Have you always been interested in art from a young age?
“I was always happiest drawing away and constructing things. Coming from a large family where every adult around me was interested in art, I was certainly encouraged and inspired to love it from a young age.”
What did you enjoy making the most as a child?
“I was always a keen painter, but what I really enjoyed was making furniture for my toys out of LEGO.”
What TV programmes did you watch as a child?
“My favourite show was the Moomins. They were adorably unique.”
How do you feel children’s shows today compare to your grandfather, Clangers creator Peter Firmin’s, era?
“I’m worried about the fast pace of today’s shows. They’re so loud, fast and bright, I worry children’s attention spans will become dependant on that level of interaction.”
Why do you think classics like the Clangers revive every couple of years?
“These retro shows bring back memories where parents were allowed to let their imaginations run wild. It’s uplifting to be able to share and bond with your children over that.”
Who is your favourite Clangers character?
“I love the Soup Dragon. He’s a comical character with a hilarious voice.”
You studied technical arts and special effects at Wimbledon College of Arts. What did you learn from the course?
“I learnt the many techniques needed to create artistic pieces for theatre, film, and TV, such as puppet making, prosthetic make-up, and sculpting. The course was very technical, so it was about learning what glue works best with what material etc.”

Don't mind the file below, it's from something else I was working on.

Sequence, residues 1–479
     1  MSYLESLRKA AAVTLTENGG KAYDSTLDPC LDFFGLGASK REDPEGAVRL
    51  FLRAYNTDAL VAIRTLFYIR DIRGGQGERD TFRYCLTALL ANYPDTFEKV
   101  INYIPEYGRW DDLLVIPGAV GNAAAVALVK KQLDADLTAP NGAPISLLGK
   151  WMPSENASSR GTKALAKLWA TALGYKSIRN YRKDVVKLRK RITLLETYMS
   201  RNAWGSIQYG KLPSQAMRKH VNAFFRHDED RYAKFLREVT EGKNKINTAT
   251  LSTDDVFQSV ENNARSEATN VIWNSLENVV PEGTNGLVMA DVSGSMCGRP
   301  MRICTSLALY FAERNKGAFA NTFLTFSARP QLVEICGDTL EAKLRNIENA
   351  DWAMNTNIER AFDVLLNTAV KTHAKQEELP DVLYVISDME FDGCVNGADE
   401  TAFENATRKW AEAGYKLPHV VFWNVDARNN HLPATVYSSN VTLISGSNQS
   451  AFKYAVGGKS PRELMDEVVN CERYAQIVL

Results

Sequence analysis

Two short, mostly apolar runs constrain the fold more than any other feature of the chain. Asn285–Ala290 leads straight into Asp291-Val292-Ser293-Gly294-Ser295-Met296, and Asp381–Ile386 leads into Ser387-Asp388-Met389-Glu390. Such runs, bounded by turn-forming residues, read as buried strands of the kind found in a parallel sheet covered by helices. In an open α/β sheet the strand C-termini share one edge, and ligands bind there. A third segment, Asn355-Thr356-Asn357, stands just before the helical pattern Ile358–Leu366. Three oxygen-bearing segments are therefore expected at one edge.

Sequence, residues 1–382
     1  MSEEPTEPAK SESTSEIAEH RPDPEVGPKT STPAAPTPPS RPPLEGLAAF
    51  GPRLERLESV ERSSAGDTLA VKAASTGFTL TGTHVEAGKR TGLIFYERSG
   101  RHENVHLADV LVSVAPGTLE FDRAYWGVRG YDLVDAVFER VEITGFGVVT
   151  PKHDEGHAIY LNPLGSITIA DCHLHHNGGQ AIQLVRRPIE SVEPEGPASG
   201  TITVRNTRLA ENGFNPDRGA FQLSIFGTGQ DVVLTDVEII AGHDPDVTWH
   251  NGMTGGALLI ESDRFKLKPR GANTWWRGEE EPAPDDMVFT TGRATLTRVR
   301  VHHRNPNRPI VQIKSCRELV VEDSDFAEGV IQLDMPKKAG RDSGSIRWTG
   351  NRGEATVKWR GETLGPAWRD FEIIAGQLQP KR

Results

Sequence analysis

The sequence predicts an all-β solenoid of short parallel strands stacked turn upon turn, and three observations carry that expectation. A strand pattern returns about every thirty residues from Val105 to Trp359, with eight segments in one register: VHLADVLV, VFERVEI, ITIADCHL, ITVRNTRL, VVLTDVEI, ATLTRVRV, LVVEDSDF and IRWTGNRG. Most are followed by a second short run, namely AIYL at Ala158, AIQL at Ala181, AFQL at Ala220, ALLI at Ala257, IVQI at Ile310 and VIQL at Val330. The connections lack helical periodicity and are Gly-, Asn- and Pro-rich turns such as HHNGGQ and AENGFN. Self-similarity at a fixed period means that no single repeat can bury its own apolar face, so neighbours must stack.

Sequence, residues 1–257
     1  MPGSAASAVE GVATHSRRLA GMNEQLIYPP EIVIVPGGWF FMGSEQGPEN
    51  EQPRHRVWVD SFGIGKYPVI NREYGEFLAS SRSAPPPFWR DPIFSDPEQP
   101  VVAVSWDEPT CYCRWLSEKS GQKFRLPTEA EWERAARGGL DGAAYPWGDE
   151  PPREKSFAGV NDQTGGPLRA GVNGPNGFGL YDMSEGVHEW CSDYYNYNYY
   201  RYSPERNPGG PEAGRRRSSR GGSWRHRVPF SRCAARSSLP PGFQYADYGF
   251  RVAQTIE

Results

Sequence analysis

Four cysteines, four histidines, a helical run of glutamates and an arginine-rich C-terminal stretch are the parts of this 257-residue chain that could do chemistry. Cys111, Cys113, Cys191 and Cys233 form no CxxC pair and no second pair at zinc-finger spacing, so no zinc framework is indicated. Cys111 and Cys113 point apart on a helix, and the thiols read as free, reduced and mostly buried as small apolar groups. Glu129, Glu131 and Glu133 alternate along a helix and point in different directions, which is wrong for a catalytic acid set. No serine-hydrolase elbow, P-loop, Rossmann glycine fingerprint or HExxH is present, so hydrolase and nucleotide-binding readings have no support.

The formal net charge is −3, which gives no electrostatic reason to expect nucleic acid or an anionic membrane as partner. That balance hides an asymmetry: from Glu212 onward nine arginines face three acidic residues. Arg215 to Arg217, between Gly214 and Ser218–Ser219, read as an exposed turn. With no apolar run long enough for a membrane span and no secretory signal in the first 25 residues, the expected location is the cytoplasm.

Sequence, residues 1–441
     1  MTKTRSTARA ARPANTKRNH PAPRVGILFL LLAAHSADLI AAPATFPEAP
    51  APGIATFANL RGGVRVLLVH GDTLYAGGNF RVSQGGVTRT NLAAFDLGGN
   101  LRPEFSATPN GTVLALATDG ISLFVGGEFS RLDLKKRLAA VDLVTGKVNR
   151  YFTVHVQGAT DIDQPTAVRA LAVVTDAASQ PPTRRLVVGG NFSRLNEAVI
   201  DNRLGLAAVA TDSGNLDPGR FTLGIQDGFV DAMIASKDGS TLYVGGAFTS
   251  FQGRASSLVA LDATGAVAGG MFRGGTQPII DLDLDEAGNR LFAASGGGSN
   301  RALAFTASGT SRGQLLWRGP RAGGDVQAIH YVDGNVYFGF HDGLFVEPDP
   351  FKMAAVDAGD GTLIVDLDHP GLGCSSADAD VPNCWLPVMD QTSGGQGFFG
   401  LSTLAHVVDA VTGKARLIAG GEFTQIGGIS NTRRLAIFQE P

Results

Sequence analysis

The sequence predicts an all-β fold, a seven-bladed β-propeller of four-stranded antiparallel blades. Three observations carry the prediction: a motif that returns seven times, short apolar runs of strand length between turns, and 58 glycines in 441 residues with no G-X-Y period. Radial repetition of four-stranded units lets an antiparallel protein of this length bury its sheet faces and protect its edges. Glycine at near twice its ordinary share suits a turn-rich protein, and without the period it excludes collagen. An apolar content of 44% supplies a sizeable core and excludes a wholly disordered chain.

Did you always know that you would work with the Clangers because of your grandfather's history with the characters?
“Not at all. Originally when I did my degree I wanted to make sets and props for Bollywood films after travelling to India and falling in love with the culture. At that point, no real new projects had come out of Smallfilms, so there was no opportunities for me to partake in the family business just yet.”
You've also done work on a stage production for Bagpuss, another show your grandfather is closely linked with. How did you get involved with that?
“The director arranged to have a meeting with my grandfather, but being old, he didn’t fancy the trip so he sent me as a representative instead. I snuck along with me an animatronic puppet I was making and before I knew it she offered me the job of making the Bagpuss puppet – I was thrilled!”
What was the inspiration behind the 'Clangers' craft book? How did the opportunity to create it arise?
“We were sent all these knitting books from a publisher, and seeing as my grandmother, Joan Firmin, had originally knitted the Clangers, it just seemed appropriate to create a book using her designs.”
How did you decide which of your set designs would make the cut?
“I did lots of tests. It was about simplifying each design so children could create them while keeping it detailed realistic, and educational. Each set took about a week to make.”
How do you feel about the finished piece? Do you feel proud to be following in your grandfather's footsteps?
“I’m really pleased. The layout of the book is great and I just feel so lucky to be able to be a part of something that my grandfather had so much enjoyment doing. He's a great mentor and has lead me in the right direction.”
If you could sum the Clangers up in a few words what would it be?
“A bunch of whistling, pink creatures, living on a blue moon.”
To see more of Ruth's work, log on to her personal website, or if your child is a fan of those loveable pink creatures, why not treat her to ‘Clangers’ craft book (£9.99, LoveCrafts).
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